Too Dirty to Swim

Lido Beach, Tsuen Wan

Lido Beach

Tsuen Wan, west of Kowloon, is known more as an industrial and commercial hub than as a seaside getaway. But until the early 1990s, the district’s seven sandy beaches, which stretch out along the Rambler Channel, were among the most popular in Hong Kong. As pollution from raw sewage worsened in the 1990s and 2000s, however, the beaches was closed for swimming.

Now, thanks to sewage improvement works, they may finally reopen within two years. Officials say water quality at the beaches is improving after work to channel and treat the waste, and they could be fit for use again by the summer of 2011.

The HK$1 billion scheme, which began early this decade, includes new trunk and branch sewers and a treatment plant at Sham Tseng, which was one of the first in Hong Kong to disinfect waste through ultraviolet radiation.

“Twenty years ago there were no sewage treatment facilities, no sewage works whatsoever in the area,” said Elvis Au Wai-kwong, assistant director of the Environmental Protection Department’s water policy division. “But the population of the area around the beaches increased by 42 per cent after 1996, from 26,000 to around 37,000.”

He said that in Sham Tseng village, known for its roast goose restaurants, “all kinds of things were happening. Septic tanks were not well maintained. Some of the village’s restaurants would discharge their waste right into the nullah. It was quite smelly.”

Au said people in the area had been very co-operative because they could see the benefit. “Once the water is improved this will be quite a beautiful place to live.”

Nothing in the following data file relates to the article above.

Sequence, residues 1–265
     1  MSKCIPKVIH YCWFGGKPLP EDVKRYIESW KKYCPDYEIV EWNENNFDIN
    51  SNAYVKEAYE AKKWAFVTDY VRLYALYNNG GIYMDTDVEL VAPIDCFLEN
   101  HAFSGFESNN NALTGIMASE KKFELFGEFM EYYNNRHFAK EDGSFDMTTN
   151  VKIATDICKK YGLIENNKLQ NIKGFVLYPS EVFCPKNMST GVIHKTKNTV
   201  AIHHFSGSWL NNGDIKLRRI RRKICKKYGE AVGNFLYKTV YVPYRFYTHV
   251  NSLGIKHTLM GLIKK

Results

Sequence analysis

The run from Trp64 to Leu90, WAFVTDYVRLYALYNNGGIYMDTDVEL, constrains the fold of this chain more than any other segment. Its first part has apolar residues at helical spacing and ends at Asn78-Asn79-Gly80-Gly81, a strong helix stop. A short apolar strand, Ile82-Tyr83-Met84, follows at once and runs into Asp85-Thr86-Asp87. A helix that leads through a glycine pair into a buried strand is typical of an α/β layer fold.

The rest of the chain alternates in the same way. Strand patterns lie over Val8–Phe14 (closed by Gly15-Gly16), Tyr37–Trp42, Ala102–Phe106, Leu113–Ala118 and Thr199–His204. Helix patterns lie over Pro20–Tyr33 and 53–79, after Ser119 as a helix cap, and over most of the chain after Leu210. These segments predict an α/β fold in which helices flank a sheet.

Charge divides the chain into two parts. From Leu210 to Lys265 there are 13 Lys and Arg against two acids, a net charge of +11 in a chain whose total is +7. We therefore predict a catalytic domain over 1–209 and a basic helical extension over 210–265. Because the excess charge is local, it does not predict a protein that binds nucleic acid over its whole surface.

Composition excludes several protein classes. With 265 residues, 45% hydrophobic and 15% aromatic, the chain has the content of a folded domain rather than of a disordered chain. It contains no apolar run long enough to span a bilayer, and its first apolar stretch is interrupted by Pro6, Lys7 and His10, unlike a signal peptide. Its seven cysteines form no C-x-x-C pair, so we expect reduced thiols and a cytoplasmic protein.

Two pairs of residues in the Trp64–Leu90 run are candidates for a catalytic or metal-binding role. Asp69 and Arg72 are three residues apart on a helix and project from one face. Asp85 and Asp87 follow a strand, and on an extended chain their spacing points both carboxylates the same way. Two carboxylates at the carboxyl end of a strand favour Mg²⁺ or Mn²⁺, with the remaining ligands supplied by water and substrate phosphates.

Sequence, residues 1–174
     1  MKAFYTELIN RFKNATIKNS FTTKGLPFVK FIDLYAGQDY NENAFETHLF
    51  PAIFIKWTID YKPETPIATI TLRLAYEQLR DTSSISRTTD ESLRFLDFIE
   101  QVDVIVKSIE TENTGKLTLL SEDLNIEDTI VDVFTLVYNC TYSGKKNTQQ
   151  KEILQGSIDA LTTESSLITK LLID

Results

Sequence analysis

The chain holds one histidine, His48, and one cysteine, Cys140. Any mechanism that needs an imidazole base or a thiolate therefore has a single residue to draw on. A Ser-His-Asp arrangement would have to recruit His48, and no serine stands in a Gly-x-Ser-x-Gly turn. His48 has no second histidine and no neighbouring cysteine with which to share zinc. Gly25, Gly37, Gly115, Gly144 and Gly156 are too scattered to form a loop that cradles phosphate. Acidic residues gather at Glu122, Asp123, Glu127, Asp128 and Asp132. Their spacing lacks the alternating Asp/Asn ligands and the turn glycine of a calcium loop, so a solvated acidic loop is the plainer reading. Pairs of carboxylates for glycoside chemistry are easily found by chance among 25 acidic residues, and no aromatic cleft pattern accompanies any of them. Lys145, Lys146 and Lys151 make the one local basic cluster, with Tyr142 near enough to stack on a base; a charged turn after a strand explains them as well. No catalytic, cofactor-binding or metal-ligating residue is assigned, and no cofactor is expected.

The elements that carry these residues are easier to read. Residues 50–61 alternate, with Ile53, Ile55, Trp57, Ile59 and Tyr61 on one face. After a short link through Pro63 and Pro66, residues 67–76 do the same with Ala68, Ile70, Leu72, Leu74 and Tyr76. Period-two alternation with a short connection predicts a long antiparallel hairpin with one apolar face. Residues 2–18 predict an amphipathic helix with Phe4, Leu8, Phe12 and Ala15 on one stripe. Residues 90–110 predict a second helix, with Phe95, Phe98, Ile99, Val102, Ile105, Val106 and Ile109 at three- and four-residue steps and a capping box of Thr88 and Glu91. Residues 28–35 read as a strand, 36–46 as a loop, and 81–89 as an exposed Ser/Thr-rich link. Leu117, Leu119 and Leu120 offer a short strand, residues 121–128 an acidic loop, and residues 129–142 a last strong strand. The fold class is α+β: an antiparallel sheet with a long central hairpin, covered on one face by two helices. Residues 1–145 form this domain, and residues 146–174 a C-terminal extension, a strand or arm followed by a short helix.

Rambler Channel

Rambler Channel

Li Kwan-yau, 59, who learned to swim at Lido and Ting Kau in the mid-1960s, said the beaches’ popularity peaked in the mid-1970s, when changing rooms, snack bars and lifesaving facilities were built. Then, over the next two decades as pollution worsened, Li watched as the public looked elsewhere for places to swim.

“Now, if people in Tsuen Wan want to go to swimming, they’ll go to the swimming pool in the town centre, or the beaches at Sai Kung or on Hong Kong Island,” he said. “I’d say that everything in Tsuen Wan is better than before — except the water.”

So far, 51 of Sham Tseng’s 400 village houses have been connected to new sewers, a number that Au hopes will increase to 250 by next year.

By summer 2011, all but a few dozen houses will be connected and any remaining sewage that flows into the nullah will be intercepted by a local disinfection chamber.

“Right now, just 40 per cent of the population in the area is connected to the new sewers, but we’ve already had some amazing results,” Au said. “Since 2005, the E coli count at some beaches, like Lido and Casam, has declined by more than 50 per cent.”

The department’s latest beach water quality results show that the level of E coli bacteria per 100 millilitres of water at many beaches is now comparable to what it was in the mid-1990s. But the new facilities are only part of the story.

At least half of the pollution at Tsuen Wan’s beaches is carried north by currents from Victoria Harbour, where another initiative to improve water quality, the Harbour Area Treatment Scheme, is still under way.